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Jeffrey Dahmer is one of America’s most culturally popular serial killers. His story has been told in many different mediums including documentaries as well as movies. 

But for some strange reason, most of the stories that have been told about Dahmer leave out very important details about systematic racism and police prejudices that enabled a serial killer for decades. 

Netflix’s new movie entitled, DAHMER — Monster: The Jeffrey Dahmer Story, which premieres today, not only dives into the horrific life of Dahmer but also tells the story of Dahmer’s neighbor Glenda Cleveland, a Black woman who on multiple occasions tried to warn the police about her murderous neighbor, but they ignored her pleas until it was too late. 

Dahmer targeted mostly gay Black men. Eleven of his 17 victims were Black and neighbors filed multiple complaints to police about Dahmer’s behavior, but they were ignored.

According to AP, several families sued the police department, saying racism by officers contributed to their relatives’ deaths. 

On May 27, 1991, some Black neighbors of Jeffrey Dahmer called the police after seeing a naked and bleeding boy run from Mr. Dahmer’s apartment building. The officers questioned Dahmer, but eventually accepted his explanation that the boy was an adult and his lover who just had too much to drink. The officers returned the boy to Dahmer who admitted to killing the boy after his July arrest.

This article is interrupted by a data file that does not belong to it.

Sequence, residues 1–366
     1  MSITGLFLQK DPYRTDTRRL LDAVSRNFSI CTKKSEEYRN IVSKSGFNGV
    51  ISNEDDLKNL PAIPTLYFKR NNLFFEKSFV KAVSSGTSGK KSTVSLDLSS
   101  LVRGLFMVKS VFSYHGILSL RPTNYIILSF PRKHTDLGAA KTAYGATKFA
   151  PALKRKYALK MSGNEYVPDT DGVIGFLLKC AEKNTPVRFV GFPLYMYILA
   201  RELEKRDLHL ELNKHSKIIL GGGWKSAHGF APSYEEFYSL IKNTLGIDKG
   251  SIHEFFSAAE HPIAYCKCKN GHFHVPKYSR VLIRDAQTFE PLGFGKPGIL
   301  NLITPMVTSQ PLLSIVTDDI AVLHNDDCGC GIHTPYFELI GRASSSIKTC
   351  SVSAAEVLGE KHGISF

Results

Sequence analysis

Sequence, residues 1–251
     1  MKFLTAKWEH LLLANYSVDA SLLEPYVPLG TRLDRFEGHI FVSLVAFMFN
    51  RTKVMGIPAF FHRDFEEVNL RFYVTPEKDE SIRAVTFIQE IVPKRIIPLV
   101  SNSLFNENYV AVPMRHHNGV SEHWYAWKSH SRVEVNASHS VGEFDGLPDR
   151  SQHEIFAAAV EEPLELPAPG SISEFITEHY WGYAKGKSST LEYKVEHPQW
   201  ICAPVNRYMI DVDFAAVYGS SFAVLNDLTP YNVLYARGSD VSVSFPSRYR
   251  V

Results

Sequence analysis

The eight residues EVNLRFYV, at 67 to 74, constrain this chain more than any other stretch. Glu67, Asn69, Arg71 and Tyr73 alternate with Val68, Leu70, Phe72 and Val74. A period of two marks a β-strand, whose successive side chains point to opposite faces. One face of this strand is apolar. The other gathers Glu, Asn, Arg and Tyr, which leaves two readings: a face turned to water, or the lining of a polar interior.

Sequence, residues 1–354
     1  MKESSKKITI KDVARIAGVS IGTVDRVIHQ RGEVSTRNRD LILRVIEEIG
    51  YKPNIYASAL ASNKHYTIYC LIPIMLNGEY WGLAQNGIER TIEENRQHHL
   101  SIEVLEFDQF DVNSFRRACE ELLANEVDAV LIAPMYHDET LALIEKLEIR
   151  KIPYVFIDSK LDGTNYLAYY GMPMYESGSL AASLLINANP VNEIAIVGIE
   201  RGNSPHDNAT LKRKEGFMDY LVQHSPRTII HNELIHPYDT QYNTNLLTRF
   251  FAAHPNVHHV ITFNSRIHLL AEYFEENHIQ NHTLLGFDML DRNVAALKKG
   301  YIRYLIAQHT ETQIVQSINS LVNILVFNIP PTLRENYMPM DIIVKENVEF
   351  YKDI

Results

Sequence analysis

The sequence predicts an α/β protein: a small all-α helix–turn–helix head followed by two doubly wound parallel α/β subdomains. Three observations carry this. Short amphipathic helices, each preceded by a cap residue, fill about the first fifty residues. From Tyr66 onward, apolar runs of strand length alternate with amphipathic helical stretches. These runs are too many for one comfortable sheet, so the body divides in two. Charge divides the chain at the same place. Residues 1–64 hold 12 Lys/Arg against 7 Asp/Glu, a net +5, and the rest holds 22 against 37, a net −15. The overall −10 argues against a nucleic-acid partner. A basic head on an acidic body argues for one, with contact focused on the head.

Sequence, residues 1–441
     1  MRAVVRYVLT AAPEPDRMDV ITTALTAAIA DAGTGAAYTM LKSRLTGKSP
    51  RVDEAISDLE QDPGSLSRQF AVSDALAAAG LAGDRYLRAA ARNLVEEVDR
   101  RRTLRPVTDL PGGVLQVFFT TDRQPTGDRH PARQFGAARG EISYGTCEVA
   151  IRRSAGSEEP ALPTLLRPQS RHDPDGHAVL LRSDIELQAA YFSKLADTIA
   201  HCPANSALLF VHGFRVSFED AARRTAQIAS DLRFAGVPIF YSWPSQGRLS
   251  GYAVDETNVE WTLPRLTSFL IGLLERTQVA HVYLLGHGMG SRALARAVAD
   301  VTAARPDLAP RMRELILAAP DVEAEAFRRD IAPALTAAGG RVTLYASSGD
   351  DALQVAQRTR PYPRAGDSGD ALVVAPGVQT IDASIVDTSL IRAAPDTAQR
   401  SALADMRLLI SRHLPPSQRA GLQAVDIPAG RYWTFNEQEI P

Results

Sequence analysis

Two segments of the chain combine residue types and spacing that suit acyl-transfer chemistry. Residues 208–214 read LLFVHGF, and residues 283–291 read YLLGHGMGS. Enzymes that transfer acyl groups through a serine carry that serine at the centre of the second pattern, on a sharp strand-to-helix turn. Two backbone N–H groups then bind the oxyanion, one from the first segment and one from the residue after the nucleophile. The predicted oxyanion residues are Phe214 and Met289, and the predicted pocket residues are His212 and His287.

Systematic racism also played a role in Dahmer’s trial. Dahmer killed mostly gay Black men, but his jury was made up of one Black member and 13 whites. 

Milwaukee County Circuit Judge Laurence Gram Jr. on multiple occasions during the trial showed Dahmer leniency, even allowing him to smoke in jail, which was prohibited.

What is rarely mentioned when discussing the Dahmer trial are the heartbreaking testimonies from the family of Dahmer’s victims. It’s very important to acknowledge the pain and trauma he caused for so many Black families in Milwaukee.

Ultimately, Jeffrey Dahmer was convicted of 15 of the 16 murders he had committed and was sentenced to 16 terms of life in prison. In 1994 Dahmer was beaten to death by a fellow inmate. 

It’s hard to know if Dahmer was actually a racist, but it really doesn’t matter if he was or not. As long as systematic racism is engrained in our judicial system there will be more injustices and a lot of pain. 

Netflix’s ‘DAHMER — Monster: The Jeffrey Dahmer Story,’ is a horrifying cautionary tale of how dangerous systemic racism can be. But will it open folks’ eyes, or will we be destined to repeat the mistakes of the past?


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